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Studies show that every dollar earned in San Diego will be spent an average of five to seven times in San Diego before that particular dollar leaves our region. Each of those transactions creates jobs and generates local tax revenue. Construction done right can provide a major economic stimulus to a local economy.

For example, a $700 million construction project like the one being undertaken by Sweetwater Union High School District should be worth over $4 billion dollars to the local economy. Of course, if the work is given to contractors from out of town and they are allowed to bring their work force in, that economic benefit would be lost.

Many municipalities around the nation give bid preferences to their local contractors; San Diego does not.

Many municipalities also have agreements with their local building trades ensuring that local workers benefit from the tax dollars they are spending to finance these projects. There are some of these agreements in place in San Diego, but we can do better. In fact, we can forge agreements that ensure that the great construction jobs and the resulting careers created by our local tax dollars are given to our local population.

Construction careers are great careers. A journeyman electrician in San Diego makes a current wage of more than $32 per hour and depending on where they work, great health and retirement benefits on top of that wage. Despite this, we are currently facing a dire shortage of tradesmen in the construction industry. It has been estimated that currently for every five construction workers who retire, only one begins his/her career.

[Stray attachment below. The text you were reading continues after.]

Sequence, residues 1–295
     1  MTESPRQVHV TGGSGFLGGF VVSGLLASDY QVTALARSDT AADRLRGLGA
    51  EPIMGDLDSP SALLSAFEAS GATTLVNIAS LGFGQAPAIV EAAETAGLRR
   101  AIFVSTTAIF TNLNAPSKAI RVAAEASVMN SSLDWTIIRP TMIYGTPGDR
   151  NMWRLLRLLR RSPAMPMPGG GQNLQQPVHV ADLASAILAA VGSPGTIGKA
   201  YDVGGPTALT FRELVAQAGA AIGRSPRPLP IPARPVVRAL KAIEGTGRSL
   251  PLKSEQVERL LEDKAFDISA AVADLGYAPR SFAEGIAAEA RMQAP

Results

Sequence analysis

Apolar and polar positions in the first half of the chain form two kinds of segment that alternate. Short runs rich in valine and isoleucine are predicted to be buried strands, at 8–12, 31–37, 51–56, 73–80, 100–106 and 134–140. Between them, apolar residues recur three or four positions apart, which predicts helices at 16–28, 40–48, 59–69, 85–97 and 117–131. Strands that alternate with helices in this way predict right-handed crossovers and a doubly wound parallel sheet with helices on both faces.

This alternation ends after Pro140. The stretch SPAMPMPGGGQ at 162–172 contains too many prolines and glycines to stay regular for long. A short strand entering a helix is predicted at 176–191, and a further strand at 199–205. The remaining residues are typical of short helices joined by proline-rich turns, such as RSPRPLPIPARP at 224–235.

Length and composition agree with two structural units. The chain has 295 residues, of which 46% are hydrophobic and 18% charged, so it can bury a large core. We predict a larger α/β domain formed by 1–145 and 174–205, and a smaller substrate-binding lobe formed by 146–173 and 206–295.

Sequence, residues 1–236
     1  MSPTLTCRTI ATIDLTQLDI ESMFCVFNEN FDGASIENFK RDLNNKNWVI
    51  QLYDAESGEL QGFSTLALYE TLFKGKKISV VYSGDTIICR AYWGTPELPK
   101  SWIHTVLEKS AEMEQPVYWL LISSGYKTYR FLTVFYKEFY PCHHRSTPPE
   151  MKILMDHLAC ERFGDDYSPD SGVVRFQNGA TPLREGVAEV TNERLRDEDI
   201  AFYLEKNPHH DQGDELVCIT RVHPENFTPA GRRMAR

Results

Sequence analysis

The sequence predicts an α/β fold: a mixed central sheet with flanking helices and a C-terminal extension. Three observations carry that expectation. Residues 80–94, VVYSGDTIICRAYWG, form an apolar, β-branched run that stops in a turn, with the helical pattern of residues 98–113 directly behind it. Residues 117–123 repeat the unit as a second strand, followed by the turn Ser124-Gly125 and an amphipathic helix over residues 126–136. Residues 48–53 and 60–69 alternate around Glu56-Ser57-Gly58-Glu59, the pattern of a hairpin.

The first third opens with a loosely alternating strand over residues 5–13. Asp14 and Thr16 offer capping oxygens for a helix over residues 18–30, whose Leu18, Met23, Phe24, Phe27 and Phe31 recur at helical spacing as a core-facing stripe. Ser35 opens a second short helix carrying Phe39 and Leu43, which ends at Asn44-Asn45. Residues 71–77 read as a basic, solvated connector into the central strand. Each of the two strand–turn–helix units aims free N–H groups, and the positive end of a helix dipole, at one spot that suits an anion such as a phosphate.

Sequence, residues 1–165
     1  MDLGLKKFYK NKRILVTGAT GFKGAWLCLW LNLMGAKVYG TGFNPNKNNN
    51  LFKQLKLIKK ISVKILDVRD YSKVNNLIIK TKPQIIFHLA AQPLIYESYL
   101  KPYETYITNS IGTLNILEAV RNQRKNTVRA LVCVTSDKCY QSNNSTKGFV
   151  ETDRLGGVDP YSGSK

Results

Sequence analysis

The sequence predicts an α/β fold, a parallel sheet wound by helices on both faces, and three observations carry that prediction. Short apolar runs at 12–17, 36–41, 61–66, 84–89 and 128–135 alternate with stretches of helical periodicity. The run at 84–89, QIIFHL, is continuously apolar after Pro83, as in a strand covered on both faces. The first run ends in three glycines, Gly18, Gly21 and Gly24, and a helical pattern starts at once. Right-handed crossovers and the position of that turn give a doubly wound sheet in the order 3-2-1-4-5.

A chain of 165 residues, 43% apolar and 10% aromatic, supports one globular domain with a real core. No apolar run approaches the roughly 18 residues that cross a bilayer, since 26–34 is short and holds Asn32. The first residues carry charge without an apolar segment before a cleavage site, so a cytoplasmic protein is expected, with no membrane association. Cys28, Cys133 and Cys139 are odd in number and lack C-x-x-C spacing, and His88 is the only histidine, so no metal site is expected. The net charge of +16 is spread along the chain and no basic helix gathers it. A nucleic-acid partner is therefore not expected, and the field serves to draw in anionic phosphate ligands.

Construction is unique as an industry in that we train our own through apprenticeship programs. And these are not one to two week training courses. Depending on the trade, an apprenticeship program takes anywhere from one to five years to complete. The main reason for our impending worker shortage has been a lack of support for apprenticeship programs.

It is true that prevailing wage laws require the use of apprentices on any publicly funded project, but the numbers required are low and there are loopholes allowing even these minimal requirements to be avoided. Even more detrimental to the future is the lack of any requirement for these apprentices to actually be trained and eventually become journeymen.

Our association has been pushing owners to adopt a policy that would require electrical contractors to certify that a significant percentage of their electricians graduated from a certified apprenticeship program. A similar requirement could be crafted for other trades. This simple step would give ALL apprenticeship programs the incentive to train and graduate their apprentices altering the current downward trend of available workers. Because supply and demand is a sound economic principle, an added benefit would be the moderation of any large increases in the future cost of construction labor.

Stimulating the local economy, providing good, career-oriented jobs, stabilizing future construction costs … How can a public owner achieve all of these objectives while also providing additional neighborhood-specific benefits? Stay tuned.

ANDREW BERG

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